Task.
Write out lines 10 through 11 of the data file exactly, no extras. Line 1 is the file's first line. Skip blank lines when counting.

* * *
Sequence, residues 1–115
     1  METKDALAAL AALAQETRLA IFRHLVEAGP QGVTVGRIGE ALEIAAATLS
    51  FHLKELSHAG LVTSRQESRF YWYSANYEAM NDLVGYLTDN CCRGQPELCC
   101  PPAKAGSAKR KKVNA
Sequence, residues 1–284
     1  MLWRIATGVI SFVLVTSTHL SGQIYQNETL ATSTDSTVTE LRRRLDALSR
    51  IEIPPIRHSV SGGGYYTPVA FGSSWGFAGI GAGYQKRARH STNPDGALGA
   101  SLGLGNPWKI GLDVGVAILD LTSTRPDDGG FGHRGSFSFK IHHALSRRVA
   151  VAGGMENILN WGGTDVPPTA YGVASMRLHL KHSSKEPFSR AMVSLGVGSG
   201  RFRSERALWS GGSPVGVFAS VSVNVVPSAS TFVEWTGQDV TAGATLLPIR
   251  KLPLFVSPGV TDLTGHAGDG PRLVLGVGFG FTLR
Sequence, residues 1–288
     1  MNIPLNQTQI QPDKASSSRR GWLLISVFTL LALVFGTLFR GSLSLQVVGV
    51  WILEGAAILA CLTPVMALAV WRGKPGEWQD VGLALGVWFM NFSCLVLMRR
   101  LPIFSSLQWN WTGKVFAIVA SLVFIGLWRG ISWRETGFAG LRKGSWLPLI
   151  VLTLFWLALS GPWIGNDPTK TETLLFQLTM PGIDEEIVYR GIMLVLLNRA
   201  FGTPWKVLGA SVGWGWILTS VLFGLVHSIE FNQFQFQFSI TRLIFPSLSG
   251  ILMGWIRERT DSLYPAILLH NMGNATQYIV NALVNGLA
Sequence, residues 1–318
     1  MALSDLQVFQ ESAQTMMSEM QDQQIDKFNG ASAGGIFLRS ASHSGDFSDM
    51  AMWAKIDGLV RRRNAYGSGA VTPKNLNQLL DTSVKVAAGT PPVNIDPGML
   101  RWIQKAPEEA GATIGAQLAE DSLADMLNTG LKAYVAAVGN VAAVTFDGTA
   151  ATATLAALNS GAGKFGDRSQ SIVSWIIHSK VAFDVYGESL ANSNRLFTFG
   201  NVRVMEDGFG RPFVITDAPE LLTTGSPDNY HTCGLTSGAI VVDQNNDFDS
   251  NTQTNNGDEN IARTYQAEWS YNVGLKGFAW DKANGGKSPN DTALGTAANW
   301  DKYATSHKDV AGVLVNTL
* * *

   201  RFRSERALWS GGSPVGVFAS VSVNVVPSAS TFVEWTGQDV TAGATLLPIR
   251  KLPLFVSPGV TDLTGHAGDG PRLVLGVGFG FTLR